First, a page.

Every year I hear about this G20 Summit and wonder “What the heck are people protesting about?” In reality, my main question is “What the heck is the G20 Summit.” Since I know I’m not alone in this one, I decided to do some quick research and try to put it into terms that we all can understand.

G20 stands for Group Of Twenty, or even more officially, the Group of Twenty Finance Ministers and Central Bank Governors. This is a group of finance ministers and central bank governors from 20 economies: 19 of the world’s largest national economies, plus the European Union (EU). Their general purpose is to get together to talk about the finances of the world and how to strengthen them, as well as try to find ways to help developing nations get in on the action.

Now, to me, that sounds really admirable, and this year President Obama is planning on joining the action. So then, if their purpose is so positive, why are all these folks, and I mean tens of thousands, gathering every year to protest?

Well, that part isn’t as clear. Some people are protesting to demand jobs; some claim they want economic justice; some say they want environmental accountability. Heck, some are protesting to end war, no matter where it is. And some want war, or at least their version of it, as some anarchists are promising that there will be violence before the event starts on Thursday.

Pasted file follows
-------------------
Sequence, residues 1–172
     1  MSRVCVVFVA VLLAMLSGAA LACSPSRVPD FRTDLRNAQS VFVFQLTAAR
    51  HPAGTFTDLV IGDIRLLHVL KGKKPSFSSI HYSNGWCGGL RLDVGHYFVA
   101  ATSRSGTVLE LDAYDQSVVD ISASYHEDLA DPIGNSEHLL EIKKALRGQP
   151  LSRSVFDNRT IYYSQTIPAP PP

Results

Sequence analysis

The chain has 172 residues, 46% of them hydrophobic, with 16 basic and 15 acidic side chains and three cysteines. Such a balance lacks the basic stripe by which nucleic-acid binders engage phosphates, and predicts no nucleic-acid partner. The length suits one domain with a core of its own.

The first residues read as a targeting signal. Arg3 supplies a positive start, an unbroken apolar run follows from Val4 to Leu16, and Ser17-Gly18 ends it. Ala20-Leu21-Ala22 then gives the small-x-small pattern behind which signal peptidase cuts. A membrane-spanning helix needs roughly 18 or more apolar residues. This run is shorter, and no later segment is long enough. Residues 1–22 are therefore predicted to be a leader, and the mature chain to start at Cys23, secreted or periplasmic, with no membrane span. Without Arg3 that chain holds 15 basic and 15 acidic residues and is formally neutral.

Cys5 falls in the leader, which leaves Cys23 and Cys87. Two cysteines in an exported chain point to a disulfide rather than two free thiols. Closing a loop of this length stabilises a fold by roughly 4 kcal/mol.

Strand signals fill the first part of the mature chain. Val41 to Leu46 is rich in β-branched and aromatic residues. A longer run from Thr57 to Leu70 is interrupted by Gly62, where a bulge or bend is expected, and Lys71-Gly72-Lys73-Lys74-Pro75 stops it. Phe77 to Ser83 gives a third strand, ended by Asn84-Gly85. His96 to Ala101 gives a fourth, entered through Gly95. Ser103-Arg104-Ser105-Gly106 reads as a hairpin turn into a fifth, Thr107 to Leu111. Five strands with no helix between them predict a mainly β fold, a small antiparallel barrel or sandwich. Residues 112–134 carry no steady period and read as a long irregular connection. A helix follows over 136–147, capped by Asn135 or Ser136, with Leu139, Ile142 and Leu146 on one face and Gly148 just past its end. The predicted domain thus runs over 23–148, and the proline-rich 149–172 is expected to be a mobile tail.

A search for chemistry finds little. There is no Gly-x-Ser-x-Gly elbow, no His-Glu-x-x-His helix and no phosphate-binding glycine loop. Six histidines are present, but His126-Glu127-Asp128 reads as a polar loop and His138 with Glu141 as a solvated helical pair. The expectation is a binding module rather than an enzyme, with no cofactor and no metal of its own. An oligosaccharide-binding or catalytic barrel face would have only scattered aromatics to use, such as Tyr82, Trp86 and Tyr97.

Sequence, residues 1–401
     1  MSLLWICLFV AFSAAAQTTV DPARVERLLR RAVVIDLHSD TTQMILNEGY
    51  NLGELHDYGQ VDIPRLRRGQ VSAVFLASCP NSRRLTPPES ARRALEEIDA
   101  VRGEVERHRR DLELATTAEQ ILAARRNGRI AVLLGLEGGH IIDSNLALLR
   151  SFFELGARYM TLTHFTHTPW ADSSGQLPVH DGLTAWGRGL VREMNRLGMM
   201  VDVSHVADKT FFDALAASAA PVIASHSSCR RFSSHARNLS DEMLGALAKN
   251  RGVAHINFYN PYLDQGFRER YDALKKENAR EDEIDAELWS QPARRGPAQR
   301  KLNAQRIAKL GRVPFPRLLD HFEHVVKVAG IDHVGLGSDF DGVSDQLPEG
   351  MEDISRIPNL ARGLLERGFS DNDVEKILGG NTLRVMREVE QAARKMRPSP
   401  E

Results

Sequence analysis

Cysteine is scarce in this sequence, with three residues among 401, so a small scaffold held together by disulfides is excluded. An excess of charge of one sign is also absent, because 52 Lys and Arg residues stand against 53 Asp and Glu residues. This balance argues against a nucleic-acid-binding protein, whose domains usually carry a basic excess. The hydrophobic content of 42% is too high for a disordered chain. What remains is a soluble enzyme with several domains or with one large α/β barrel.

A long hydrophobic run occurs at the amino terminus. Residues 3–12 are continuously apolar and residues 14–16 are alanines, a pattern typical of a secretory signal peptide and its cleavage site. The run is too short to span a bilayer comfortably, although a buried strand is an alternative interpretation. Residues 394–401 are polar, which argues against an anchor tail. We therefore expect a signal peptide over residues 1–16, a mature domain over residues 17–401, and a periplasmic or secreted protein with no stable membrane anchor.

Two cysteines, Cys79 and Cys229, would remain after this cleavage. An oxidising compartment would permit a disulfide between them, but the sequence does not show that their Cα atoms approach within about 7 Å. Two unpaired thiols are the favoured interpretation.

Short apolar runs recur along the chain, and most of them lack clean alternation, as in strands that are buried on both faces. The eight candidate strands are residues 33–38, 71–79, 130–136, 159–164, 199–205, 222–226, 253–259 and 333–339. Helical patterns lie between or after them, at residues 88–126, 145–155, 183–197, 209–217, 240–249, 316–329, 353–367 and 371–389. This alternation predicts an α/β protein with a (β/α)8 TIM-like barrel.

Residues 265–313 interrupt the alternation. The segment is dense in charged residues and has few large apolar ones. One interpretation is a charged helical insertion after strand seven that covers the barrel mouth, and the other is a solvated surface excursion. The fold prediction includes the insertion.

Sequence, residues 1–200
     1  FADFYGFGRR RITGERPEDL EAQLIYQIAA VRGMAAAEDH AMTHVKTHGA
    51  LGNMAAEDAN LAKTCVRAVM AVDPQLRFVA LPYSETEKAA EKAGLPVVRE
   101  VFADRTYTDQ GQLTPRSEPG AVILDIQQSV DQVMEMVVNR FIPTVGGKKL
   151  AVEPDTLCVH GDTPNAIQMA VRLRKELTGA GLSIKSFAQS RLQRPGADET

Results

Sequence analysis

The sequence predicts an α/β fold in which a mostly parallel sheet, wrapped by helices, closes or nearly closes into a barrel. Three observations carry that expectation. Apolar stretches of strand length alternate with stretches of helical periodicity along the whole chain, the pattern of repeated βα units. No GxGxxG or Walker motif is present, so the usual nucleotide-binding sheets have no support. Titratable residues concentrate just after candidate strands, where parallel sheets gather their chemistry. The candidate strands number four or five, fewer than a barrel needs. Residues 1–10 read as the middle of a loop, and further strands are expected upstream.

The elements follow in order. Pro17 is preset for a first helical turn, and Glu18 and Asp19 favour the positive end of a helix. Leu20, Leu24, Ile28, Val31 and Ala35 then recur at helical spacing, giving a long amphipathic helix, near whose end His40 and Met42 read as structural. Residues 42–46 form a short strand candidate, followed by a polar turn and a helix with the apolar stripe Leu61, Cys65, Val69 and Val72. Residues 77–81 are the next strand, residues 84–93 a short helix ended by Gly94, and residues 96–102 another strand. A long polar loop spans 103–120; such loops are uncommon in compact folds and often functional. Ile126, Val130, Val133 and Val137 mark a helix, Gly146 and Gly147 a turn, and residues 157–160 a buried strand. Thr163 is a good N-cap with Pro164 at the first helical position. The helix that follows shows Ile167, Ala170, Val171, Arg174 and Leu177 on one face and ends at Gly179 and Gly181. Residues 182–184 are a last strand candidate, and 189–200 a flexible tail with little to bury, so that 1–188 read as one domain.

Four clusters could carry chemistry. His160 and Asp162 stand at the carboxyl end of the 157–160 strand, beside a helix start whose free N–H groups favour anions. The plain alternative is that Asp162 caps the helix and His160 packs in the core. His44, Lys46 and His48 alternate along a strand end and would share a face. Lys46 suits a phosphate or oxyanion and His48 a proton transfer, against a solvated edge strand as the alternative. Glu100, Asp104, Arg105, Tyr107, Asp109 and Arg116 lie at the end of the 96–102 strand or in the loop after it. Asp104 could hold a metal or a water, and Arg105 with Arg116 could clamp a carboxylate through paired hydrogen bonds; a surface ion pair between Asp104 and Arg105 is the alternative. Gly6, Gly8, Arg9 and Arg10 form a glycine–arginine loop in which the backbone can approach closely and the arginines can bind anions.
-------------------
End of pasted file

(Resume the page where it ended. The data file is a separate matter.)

And they’re not only protesting in London. Most European nations are expecting some sort of protest in their major cities. Oddly enough, there aren’t any protests that seem to be known that will take place in the United States; seems Americans love to travel to where the trouble is occurring, instead of wasting time protesting in a place where most people won’t have any idea what they’re talking about.

In other words, the protests next week really aren’t about anything specific except the right to get together and make a lot of noise about whatever they want to make noise about. Some of the groups that are talking about finances specifically are saying that they want transparency and a democratic process in whatever the G20 comes up with. Personally, I’d have to admit that, if I knew I was going to have to deal with protests of this nature every year, I not only wouldn’t want it in my city, but if I had it at all I’d probably keep it on the downlow and secretive, and release a report or summary of what occurred after the fact. The last thing I feel we need in today’s negative economy and people’s rush to find someone to blame for it is mobs of people and the potential for violence. And, in this world of terrorists and suicide bombers, what better time to make another kind of statement, though I hope it doesn’t happen.

London, I hope this year you’ll be arming your police; you’re going to need it.